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10 June 2016

How avionics could look in 2050

Will air transport be fully automated by 2050? That was the theme of the recent symposium organised by the French Air and Space Academy in Toulouse. Bruno Nouzille, VP Technical for Thales's avionics business, was there to share his vision of what lies ahead in the world of avionics.

Automation has been a recurring theme in the history of aviation. But many question marks still hang over the technologies that will shape the future of air transport. Will pilots still be in the cockpit at all? What kind of crew will we need and what will their exact role be?

Bruno Nouzille thinks the issue of fully automated air transport in fact entails two separate questions. The first is whether a fully automated aircraft will one day be able to perform a complete flight from take-off to landing. The answer is probably ‘yes’. The capabilities of the latest drones and automated onboard functions have unquestionably improved flight safety, but they have made avionics systems far more complex in the process. The result is that the flight crew is now much more focused on monitoring, managing and programming these systems and less focused on traditional roles.

The second question has more to do with the ability of system software to deal with all types of situations, given that a whole range of unexpected events may arise in the course of a flight. Future systems will need to think and make decisions like a human — and liability in the event of an accident would logically be transferred from the flight crew to the system designers. So while the trend towards more automation will continue, we are still going to need a pilot in the cockpit for the foreseeable future.

For Bruno Nouzille, the need for crews to live with ever more complex and automated systems and functions calls for a paradigm shift in human-system interaction. The crew will assume a mission management role, while systems will execute explicit actions in the pilot’s frame of reference rather than their own.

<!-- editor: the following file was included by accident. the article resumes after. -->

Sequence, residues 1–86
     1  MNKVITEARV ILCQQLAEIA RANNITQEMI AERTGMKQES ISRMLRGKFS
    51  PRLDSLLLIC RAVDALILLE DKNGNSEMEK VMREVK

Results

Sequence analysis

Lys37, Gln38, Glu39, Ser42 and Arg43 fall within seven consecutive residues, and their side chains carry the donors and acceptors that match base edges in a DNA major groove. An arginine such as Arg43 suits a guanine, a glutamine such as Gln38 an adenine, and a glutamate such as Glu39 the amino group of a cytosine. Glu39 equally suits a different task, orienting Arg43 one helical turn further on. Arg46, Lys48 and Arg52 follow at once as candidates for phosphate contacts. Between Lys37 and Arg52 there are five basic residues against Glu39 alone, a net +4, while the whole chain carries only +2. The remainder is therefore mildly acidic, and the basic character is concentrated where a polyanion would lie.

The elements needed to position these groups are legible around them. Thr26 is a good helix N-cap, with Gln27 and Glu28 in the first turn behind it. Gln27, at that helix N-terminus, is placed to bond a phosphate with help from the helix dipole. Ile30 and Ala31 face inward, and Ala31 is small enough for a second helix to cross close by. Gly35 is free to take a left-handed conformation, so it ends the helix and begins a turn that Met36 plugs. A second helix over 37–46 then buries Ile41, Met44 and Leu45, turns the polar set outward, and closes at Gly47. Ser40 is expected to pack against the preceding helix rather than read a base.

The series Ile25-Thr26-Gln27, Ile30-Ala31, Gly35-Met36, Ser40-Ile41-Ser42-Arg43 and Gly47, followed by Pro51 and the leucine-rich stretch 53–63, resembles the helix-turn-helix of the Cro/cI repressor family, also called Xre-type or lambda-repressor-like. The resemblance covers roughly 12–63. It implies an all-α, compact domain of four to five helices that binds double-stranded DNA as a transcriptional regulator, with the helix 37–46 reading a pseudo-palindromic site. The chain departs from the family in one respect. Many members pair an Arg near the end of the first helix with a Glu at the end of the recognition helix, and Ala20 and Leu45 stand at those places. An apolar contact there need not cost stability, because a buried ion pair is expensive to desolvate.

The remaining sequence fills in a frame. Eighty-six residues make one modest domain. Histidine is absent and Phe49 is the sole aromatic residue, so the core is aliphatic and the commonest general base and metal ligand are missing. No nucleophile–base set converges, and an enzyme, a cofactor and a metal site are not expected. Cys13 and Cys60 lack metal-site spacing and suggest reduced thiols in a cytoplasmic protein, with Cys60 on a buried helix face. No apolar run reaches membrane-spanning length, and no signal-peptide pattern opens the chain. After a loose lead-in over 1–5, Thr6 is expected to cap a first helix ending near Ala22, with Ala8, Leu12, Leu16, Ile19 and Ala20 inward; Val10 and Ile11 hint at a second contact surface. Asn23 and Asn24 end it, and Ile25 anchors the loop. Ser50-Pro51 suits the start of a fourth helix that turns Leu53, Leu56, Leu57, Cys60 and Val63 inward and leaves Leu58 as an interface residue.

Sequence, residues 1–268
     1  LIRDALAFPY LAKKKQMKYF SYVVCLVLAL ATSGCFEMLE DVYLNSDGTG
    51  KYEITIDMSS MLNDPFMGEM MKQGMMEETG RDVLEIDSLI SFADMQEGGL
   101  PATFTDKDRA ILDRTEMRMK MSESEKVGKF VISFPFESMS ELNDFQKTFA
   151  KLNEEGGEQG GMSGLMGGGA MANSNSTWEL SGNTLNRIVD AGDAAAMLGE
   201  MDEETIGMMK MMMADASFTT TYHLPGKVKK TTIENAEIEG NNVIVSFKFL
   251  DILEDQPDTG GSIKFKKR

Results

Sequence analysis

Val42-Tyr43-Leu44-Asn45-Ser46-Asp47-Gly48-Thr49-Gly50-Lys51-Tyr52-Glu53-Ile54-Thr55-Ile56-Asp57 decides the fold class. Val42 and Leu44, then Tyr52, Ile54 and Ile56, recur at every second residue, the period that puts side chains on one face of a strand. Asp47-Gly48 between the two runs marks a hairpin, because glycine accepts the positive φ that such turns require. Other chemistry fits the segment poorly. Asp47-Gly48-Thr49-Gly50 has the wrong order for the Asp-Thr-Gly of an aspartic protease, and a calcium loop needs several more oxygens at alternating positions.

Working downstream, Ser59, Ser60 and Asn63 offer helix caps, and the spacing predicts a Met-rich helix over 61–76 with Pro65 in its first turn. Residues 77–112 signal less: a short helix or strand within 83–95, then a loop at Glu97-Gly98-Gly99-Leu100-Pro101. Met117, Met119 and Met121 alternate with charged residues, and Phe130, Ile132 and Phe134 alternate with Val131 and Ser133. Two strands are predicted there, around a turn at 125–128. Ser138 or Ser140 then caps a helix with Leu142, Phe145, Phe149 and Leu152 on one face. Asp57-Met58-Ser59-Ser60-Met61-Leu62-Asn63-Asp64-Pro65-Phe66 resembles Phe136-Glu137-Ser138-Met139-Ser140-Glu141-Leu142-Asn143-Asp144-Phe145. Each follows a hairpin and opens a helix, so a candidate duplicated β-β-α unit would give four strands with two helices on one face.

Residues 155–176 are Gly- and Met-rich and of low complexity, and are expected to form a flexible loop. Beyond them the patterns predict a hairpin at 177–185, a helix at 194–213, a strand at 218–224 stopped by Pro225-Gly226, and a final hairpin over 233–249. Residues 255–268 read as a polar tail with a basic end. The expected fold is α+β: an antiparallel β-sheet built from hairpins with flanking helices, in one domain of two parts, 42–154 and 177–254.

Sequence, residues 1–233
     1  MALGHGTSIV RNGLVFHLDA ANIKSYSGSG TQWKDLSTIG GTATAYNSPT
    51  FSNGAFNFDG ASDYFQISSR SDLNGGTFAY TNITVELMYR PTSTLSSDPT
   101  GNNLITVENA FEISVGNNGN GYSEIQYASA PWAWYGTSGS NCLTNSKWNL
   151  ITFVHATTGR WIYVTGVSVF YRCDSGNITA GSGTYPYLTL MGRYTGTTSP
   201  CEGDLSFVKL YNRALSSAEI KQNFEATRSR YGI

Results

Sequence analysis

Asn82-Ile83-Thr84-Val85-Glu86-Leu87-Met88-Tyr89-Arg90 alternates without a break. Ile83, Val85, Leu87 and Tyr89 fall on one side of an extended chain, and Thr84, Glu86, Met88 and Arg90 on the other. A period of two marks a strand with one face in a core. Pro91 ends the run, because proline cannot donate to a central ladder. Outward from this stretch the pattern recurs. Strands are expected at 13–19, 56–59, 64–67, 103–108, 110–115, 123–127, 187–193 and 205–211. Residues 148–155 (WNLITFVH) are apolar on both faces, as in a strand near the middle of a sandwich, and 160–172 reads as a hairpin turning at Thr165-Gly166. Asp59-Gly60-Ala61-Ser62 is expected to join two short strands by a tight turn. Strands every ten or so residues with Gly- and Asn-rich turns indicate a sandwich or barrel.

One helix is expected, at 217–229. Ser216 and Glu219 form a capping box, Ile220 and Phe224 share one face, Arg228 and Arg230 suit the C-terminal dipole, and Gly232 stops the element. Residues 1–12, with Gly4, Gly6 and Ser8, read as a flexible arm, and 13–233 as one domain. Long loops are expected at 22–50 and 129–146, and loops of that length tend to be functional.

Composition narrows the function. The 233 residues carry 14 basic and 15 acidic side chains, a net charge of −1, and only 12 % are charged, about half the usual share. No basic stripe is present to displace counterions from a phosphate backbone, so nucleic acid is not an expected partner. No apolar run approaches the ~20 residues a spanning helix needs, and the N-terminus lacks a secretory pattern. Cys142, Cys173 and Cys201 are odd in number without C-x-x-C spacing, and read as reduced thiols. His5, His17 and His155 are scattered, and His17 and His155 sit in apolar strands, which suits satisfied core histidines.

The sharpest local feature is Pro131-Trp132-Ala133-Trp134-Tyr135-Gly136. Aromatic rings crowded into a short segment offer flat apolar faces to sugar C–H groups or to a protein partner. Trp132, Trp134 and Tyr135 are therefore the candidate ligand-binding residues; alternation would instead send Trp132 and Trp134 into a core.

To meet this new challenge, Thales is developing two innovative concepts for the short, medium and long term.

The first is an integrated human-system interface (HSI) that will be human-centric and independent from the system architecture. This concept is well suited to the modern cockpit, as we have already seen with Avionics 2020, which transcends the world of windows, icons, menus and pointers (WIMP) to offer an intuitive, integrated experience on large-format interactive touchscreens, and with the TopMax eyes-out head-worn display offering an almost unlimited field of view.

The second concept is Fly by Trajectory, which puts the pilot at the centre of the decision-making process while easing the crew’s workload. The objective here is to enable pilots to manage the aircraft's future trajectory more directly and with better safeguards, keeping the autopilot permanently engaged but retaining the ability to take over manual control at any moment if necessary.

The bottom line is that Bruno Nouzille thinks there will be pilots in the cockpit for a long time to come. But with flight crews working with increasingly complex automated systems, there will need to be significant changes in how humans and systems interact. Avionics architectures will also need to evolve so that HSI management remains in the flight crew’s frame of reference and keeps crew members at the centre of the decision process throughout the mission. Integrated HSI concepts and Fly by Trajectory are just the beginning of a new chapter in the continuing story of air transport automation!



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As automated cockpit functions become more sophisticated, avionics architectures will need to adapt and humans will interact with their systems in completely new ways.

Bruno Nouzille, VP Technical for Thales's avionics business